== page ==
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Rada Petric

Rada Petric’s love for nature and animals stems from a place of comfort amid tragic events in her childhood: a civil war. Born in Bosnia, Petric was separated from her parents when she was seven years-old. Her mother was a prisoner of war. Petric lived with her aunt for several years before she was granted refugee status and relocated to Greensboro, North Carolina at the age of 14.

“During that time, I developed very bad post-traumatic stress disorder and I used to wake up very late in the night,” recalled Petric. “I would walk to my aunt’s barn, it was kind of at the edge of the forest. I would just snuggle up and sleep in the hay. I found so much comfort with the animals there and the nocturnal sounds and just connected with nature at that point in time. I didn’t come to this realization until a couple of years ago when I started thinking about how did I end up here?”

Now a research assistant professor and director of the UNC Institute for the Environment’s Highlands Field Site, Petric has developed that passion for nature and animals into a career of research and teaching. Growing up in Greensboro gave Petric unique opportunities to pursue her passion. She earned her BS and MS degrees in biology and her doctorate in environmental health sciences from UNC Greensboro.

“I knew I wanted to major in biology,” she said. “I ended up joining the bat and mouse lab at UNC Greensboro with Dr. Matina Kalcounis-Rüppell. She introduced me to field work and I was like wait, I can do this for a living?”

Kalcounis-Rüppell mentored Petric and helped her to develop her own research pursuits, which focus on the effects of man-made noise on wild mice.

“Everything I did was field-based research and during this entire time, one of my primary goals as a researcher was to encourage others and show them the possibility’s just like Matina has showed me,” she said.

Petric trained more than 50 students in field-based research while a student at UNC Greensboro. Petric’s own research took her to California for several years to collect data.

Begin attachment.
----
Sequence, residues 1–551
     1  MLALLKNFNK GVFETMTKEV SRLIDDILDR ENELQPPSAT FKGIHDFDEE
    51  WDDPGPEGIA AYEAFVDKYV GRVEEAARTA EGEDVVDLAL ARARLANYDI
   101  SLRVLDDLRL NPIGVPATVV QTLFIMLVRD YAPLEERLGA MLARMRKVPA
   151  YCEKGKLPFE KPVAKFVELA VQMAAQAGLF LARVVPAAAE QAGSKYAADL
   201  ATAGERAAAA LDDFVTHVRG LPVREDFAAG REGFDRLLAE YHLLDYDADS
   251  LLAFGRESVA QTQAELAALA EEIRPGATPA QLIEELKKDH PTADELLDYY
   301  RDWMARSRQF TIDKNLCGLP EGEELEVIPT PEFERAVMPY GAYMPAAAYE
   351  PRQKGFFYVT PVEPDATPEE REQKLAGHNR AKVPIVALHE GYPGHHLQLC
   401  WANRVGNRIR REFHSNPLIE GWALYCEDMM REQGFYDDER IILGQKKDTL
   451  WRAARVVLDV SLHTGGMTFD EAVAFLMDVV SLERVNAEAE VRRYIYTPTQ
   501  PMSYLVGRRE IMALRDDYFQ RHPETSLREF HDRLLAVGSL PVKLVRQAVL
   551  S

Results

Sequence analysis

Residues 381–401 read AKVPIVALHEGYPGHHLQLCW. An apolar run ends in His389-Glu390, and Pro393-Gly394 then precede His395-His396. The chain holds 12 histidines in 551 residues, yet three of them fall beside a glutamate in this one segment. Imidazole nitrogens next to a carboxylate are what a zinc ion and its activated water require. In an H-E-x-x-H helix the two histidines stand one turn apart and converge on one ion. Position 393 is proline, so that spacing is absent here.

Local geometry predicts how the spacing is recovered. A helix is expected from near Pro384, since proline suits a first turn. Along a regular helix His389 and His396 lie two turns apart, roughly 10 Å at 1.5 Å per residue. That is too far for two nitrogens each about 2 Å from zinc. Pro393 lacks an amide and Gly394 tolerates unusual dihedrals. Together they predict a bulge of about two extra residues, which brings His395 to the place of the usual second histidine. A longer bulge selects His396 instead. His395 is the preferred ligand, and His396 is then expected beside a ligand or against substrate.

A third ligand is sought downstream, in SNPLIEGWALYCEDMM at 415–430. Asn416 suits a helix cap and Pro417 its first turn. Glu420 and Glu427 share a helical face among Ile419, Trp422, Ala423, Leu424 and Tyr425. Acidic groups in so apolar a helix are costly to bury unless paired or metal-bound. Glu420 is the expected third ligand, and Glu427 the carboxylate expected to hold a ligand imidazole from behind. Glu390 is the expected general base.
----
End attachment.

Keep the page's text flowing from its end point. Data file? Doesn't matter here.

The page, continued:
As a teacher, Petric’s passion is infectious and her goal is to help her students communicate science effectively to others, especially those who will influence policy makers.

“A lot of people lack that fundamental science information and they are making policies when they don’t have the background in it,” she said. “So I think it is important to be able to communicate science to everyone.”

As part of the field site experience at Highlands, Petric includes student-run digital and social media communication as part of the course so students get that first-hand experience communicating science to the public and other scientists. As a graduate student, Petric won the 2018 Three-Minute Thesis Competition at UNC Greensboro for her ability to describe her dissertation effectively in 3 minutes.

At the Highlands Biological Station, Petric has the opportunity to interact with other researchers who came from all over the globe. She enjoys learning from them and sharing what she learns with her students.

“My goal is to really help them to whatever goals they need to accomplish to get to the next stage of their life,” she said. “Getting to know the students, helping them develop their skill sets to become more competitive when they do reach that next step and transition into whatever workforce they decide on.”

As director of the field site, Petric aspires to grow the program, attracting more local students from Western NC and underrepresented minorities.

“A single scientist cannot do this all on their own we need everyone to come together and work on these environmental related issues together,” she said.

The Highlands Biological Station is a remote campus of Western Carolina University and supported by the Highlands Biological Foundation. UNC-Chapel Hill has partnered with Highlands Biological Station, WCU and Highlands Biological Foundation to offer the field site.

“I think it is imperative to recognize the partnership and what they have contributed to this because without them this would not have happened,” Petric said.

Her position and the field site program would not be possible without the support and investment from Highlands Biological Foundation.

“The foundation has really recommitted to inspiring the next generation of field scientists,” said Charlotte Muir, executive director of the Highlands Biological Foundation. “When this opportunity came to make a big investment in the IE program, it was no brainer. It was perfectly aligned with our mission and our vision of bringing researchers to Highlands. Highlands is such a special place in the world for field science and a biodiversity hot spot.”

Outside of her professional endeavors, Petric is a self-proclaimed adrenaline junkie. She likes sky diving, rock climbing and other adventures that get her heart racing.

Petric Kilimanjaro

“A few years ago, I climbed Mount Kilimanjaro,” she said. “On the way back down that I felt like I was moving so fast, there was loose rock and it was basically like skiing down on rock. It was the most exhilarating experience I’ve ever had. You couldn’t even process the information fast enough. It was amazing.”

Her love of thrills, nature and animals has equipped her to lead the Highlands Field Site with an unmatched enthusiasm.

“I am very much a field biologist,” she said. “I love being out in the field—it is my favorite thing to do—to be in the forest and listening to the animals and recording them. The work is strenuous. It’s very hard, most of my work is nocturnal so it’s hard to see, but it’s very exciting and I am just a field-research biologist at heart.”

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